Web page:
Speed has always been an important factor of a website. But now, Google has made it a ranking factor for SEO. With a set of developer tools, Google has taken action to help improve the loading speed of websites – one of the tools being PageSpeed Insights.
47% of web users expect a web page to load in less than 2 seconds. And if a page doesn’t load within 3 seconds, an estimate of 40% of users will likely abandon the site. Speed is now a ranking factor when it comes to SEO.
The Page Experience Update by Google includes a focus on Core Web Vitals – with loading speed being a priority. Google evaluates the speed by measuring the performance of all areas of the website.
As a part of Google’s update, the focus on the Core Web Vitals is to improve the overall user experience on a web page. The Core Web Vitals as a ranking factor is broken down into three main components.
LCP is the time it takes for a page to load. To provide a friendly user experience, the recommendation is 2.5 seconds or less.
FID is the time it takes for a page to become interactive. It measures the amount of time between when a user clicks on a button and when the page responds to the request.
CLS is the measure of a website’s stability. When a website loads, CLS is the time it takes for the website to stabilise from loading.
(Source: cognitive SEO)
Page speed is the time it takes for a web page to load. The load speed is determined by differing factors, including the site’s server, file size, and image compression.
With that being said, determining page speed isn’t as straightforward as it may sound. There are multiple ways to measure page speed.
Speed is relative. It depends on many factors, including the website’s performance, the server’s performance, the web page, the connection type, and more.
Page speed isn’t just a score, like how PageSpeed Insights represents it. Page speed is a web page’s loading time – which is measured in seconds.
(Source: cognitive SEO)
PageSpeed Insights is a popular tool with SEO specialists that is powered by Lighthouse. In the past, PageSpeed Insights hasn’t had the best reputation, but as Google has recently updated it, it’s a lot better but also a lot harder to understand.
When you enter the page URL into PageSpeed Insights, the tool will return a page of some results with the website’s performance.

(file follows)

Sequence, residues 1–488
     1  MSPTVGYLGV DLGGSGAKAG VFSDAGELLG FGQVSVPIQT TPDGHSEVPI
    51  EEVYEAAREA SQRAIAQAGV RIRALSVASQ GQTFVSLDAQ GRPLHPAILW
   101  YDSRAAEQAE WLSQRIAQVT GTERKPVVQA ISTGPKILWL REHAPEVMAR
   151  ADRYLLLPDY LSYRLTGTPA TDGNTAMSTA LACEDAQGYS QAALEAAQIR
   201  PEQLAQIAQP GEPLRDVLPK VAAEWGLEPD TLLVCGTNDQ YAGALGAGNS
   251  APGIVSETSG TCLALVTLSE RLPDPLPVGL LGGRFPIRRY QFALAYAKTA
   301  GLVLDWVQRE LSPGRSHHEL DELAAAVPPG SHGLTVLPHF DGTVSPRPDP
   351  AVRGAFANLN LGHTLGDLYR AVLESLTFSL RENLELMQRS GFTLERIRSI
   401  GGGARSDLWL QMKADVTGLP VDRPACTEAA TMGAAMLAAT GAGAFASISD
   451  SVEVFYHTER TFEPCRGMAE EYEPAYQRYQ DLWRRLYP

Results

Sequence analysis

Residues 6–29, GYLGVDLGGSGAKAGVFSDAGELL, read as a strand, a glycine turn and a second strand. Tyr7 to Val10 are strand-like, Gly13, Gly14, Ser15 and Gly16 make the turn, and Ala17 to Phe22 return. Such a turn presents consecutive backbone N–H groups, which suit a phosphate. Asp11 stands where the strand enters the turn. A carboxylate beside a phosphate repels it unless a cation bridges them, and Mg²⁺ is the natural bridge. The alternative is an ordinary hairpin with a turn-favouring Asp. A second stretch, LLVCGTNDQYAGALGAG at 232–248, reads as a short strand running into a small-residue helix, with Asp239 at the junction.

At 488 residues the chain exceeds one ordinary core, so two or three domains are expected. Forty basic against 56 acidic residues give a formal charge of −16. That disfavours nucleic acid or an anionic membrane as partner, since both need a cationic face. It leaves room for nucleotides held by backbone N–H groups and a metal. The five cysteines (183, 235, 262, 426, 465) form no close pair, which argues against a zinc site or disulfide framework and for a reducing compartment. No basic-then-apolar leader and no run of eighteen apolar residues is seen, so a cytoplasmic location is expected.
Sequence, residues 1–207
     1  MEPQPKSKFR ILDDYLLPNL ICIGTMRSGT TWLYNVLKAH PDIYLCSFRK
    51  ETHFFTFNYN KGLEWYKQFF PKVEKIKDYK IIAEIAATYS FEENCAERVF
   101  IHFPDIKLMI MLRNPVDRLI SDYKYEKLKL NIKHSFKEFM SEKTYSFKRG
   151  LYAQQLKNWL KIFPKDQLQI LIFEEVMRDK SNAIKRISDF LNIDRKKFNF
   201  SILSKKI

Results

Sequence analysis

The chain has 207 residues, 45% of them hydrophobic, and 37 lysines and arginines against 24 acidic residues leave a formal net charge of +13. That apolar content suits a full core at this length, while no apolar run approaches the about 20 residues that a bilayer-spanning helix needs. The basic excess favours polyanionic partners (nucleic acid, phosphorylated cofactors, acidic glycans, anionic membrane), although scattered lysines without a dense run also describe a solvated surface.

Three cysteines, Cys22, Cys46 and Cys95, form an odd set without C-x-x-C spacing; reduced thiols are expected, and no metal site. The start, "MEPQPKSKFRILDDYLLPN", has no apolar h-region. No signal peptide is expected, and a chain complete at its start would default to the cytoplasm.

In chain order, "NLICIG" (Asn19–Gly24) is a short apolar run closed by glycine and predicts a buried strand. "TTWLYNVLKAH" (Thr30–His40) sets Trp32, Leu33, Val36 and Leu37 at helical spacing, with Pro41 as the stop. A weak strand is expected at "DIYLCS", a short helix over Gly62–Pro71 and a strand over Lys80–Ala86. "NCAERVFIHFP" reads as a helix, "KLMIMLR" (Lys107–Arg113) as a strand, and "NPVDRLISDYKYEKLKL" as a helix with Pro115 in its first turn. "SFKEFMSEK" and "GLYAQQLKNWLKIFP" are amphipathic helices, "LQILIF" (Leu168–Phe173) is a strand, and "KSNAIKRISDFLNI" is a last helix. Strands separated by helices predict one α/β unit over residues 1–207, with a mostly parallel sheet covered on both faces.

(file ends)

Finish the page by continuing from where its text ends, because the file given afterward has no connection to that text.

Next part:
At the top of the page, there will be a general score, which is calculated based on an average of multiple factors. Below the fold of the page, detailed information will be provided about what is actually affecting the page speed.
Google gives two scores – one for the desktop version and one for the mobile version. At first, the tool only gave one score – for desktop. But as of 2018, more than 50% of search engine users search on mobile devices.
On the desktop version, the score may be higher because the connection speed is often faster. The website desktop version goes through the same testing as the mobile version, but it’s mainly the connection speed that differs.
Mobile is the first result shown when using the tool. The website is tested on a mobile connection, with likely a 4G connection. However, there are still many mobile users that only get a 3G signal, but despite the slower connection speed, it is still expected that a website should load fast.
As mobile devices tend to have slower connections, that’s why mobile comes first.
(Source: Craft CMS)
A powerful content management system is not just important, but essential when it comes to improving a website’s page speed. We use Craft CMS for its user-friendly interface and customisable back-end.
In our previous case study, Rebuilding Taylor Construction’s Website With Craft CMS, we dove deep into the benefits of using Craft CMS – scalability and freedom being the most evident.
As Craft CMS developers, we turn to Craft because it enables us to build robust and fast websites for our customers. We use headless architecture because it is designed with speed as a priority.
Traditional architecture was once a standard approach, but with Craft CMS headless architecture, responsive web pages and innovative content publishing is a growing reward.
If you’re considering making the switch, get in touch with us. We are Craft CMS developers and have spent a fair bit of time working with Craft and rebuilding websites through using its headless architecture, so it’s fair to say we know the in’s and out’s of Craft quite well.
Improving page speed is important. But it is also important to remember that quality remains a priority in SEO, so optimising your Core Web Vitals and achieving a greater page speed score alone won’t guarantee an improved SEO ranking.
The new Core Web Vitals algorithm signals that a shift towards a focus on user experience is ahead. Google is continually taking active steps to make optimisation easier.